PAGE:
Major NSF early-career honor goes to MSU assistant professor

Contact: Leah Barbour

Matthew Berg
Matthew Berg

STARKVILLE, Miss.--The National Science Foundation is awarding a Mississippi State faculty member its prestigious Faculty Early Career Development Program Award.

Matthew Berg, an assistant professor of physics, is receiving a five-year grant.

Berg came to the university in 2010 and, in addition to teaching duties, works with the Center for Computational Sciences at MSU's High Performance Computing Collaboratory. He is a Kansas State University doctoral graduate.

The grant will enable the acquisition of additional equipment for Berg and his research team of graduate students to continue and expand their ongoing scientific investigations.

R. Gregory Dunaway, College of Arts and Sciences dean, said MSU's largest academic unit is "extremely proud" of Berg's early career successes.

"He is building a firm foundation for serving as a leader in the integration of research and education which epitomizes the vision of the college," Dunaway added.

Giselle Thibaudeau, the college's interim associate dean, noted that the award is the highest honor a junior faculty member may receive--and that Berg is the first MSU physicist to achieve that level of recognition.

"Awardees exemplify scholar-mentors through excellent research, outstanding teaching and the integration of research and education," she said.

Describing and characterizing ways sunlight reflects from plant pollen, mineral dust, airborne bacteria and other particulate matter have been the focus of Berg's investigations since he completed a National Research Council postdoctoral fellowship at the U.S. Army Research Laboratory.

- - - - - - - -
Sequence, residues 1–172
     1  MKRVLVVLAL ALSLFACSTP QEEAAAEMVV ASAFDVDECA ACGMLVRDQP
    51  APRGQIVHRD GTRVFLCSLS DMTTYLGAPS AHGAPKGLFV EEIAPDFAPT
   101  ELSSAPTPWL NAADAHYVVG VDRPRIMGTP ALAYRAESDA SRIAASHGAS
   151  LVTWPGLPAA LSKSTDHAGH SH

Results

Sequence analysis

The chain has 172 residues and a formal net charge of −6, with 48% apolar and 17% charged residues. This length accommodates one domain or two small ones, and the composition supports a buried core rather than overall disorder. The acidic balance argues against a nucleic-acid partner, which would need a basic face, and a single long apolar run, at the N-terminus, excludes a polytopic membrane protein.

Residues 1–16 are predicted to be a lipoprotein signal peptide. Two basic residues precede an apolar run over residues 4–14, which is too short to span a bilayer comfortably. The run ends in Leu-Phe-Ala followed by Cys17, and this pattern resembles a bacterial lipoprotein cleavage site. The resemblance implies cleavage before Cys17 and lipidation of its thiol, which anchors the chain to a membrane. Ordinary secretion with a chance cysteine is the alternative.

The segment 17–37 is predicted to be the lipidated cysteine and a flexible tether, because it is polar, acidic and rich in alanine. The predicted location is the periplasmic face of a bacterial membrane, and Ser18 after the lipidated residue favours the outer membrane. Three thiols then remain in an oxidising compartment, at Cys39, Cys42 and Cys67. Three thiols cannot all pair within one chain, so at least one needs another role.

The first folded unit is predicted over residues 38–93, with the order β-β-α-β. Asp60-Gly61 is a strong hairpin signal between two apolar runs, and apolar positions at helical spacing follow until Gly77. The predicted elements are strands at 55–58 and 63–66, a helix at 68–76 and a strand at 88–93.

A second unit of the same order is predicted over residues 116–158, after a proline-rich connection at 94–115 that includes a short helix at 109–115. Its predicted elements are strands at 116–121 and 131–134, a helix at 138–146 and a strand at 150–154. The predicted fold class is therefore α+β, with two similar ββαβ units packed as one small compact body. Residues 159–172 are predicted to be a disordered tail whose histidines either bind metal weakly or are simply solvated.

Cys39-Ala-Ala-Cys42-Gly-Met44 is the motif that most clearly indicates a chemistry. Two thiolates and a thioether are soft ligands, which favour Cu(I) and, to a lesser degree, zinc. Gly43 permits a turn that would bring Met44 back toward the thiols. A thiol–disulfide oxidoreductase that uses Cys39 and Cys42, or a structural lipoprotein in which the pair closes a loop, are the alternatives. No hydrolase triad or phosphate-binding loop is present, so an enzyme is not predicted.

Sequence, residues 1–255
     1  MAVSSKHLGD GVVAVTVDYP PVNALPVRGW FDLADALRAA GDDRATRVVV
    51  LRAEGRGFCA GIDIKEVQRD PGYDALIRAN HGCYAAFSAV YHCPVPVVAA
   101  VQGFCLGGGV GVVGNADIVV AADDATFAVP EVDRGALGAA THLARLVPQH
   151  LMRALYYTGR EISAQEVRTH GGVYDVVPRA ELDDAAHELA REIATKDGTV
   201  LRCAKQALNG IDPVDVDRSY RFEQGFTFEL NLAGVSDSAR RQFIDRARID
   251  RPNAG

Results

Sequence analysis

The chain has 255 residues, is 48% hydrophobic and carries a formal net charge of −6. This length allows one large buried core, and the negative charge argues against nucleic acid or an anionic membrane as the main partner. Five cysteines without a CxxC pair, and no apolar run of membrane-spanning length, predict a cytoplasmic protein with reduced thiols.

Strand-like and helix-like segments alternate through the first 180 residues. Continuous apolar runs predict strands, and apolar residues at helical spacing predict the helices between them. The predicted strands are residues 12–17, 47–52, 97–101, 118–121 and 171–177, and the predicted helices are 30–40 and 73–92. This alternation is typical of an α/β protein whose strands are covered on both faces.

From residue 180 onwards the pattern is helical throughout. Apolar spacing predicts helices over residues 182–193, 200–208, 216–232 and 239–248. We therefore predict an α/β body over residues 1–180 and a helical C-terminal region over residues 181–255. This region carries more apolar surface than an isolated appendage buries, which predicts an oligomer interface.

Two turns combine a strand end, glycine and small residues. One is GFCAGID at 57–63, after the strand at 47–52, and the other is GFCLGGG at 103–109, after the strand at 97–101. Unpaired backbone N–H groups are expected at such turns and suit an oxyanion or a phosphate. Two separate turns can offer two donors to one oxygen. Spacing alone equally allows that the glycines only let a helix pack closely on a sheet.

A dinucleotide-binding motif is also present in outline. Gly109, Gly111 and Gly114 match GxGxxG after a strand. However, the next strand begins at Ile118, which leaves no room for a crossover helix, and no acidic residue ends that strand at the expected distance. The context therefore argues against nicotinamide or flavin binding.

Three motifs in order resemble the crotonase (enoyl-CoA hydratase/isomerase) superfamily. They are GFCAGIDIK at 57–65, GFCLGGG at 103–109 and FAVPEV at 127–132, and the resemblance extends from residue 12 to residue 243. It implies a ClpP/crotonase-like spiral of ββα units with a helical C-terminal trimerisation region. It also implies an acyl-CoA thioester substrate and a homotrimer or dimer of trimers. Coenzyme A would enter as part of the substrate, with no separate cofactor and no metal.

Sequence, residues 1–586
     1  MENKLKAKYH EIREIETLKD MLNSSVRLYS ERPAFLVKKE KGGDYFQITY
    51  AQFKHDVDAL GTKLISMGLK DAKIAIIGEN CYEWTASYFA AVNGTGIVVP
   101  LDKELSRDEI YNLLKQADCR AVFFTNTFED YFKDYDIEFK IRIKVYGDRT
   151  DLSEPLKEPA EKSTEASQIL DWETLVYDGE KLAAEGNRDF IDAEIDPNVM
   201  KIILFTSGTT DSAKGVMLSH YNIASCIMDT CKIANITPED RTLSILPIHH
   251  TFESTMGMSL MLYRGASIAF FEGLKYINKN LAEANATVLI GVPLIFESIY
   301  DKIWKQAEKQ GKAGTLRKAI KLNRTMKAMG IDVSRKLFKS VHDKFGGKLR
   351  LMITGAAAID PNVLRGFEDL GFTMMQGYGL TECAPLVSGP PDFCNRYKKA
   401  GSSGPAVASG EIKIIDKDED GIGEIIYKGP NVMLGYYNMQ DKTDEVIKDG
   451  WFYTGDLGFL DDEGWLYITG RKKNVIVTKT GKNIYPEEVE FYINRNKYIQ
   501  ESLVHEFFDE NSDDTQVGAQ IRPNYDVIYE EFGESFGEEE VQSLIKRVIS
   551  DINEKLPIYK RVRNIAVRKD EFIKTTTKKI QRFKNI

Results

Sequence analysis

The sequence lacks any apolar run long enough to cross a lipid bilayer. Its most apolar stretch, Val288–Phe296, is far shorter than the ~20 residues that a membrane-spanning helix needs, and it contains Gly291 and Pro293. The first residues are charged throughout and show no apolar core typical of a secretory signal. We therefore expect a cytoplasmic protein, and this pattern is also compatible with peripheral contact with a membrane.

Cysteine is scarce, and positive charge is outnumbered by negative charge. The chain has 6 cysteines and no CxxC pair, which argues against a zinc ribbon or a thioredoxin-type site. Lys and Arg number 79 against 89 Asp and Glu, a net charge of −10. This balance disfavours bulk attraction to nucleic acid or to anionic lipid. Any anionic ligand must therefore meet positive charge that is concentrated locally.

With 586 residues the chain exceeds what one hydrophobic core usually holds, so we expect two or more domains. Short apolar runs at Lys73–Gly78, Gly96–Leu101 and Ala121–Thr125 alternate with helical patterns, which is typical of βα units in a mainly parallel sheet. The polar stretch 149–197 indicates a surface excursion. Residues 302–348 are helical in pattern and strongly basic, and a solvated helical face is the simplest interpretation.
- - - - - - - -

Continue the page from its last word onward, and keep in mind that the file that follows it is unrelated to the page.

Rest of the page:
Berg currently is working to develop new approaches that apply digital holography--creating images of dust as it scatters light. Results of his research may suggest ways to modify climate-prediction models, improve solar power technology, characterize agricultural dust properties and maintain national defense versus biological weapons.

"When light shines on objects, those objects reflect light in different directions," Berg explained. "Ideally, you would put the objects under a microscope, but that presents a number of difficulties. You want to be able to look at these things as they are to best understand what they are: their size, their shape, their material makeup."

Using holographic technology, Berg has produced images of the particles without having to collect them. In an overall assessment of his research proposal, the NSF said its reviewers "all highlighted the strength of your established record of research and scholarship as strengths of the proposal and demonstrated your ability to carry out the proposed research. Your education and mentoring plans were also seen as strengths, particularly the recruitment of underrepresented minority students and the use of hands-on teaching in a research lab setting."

Student mentorship is very important to Berg, as members of the NSF evaluation team repeatedly commented.

"I benefitted greatly from excellent advisers in graduate school, so I try to mimic that as much as I can," he said.

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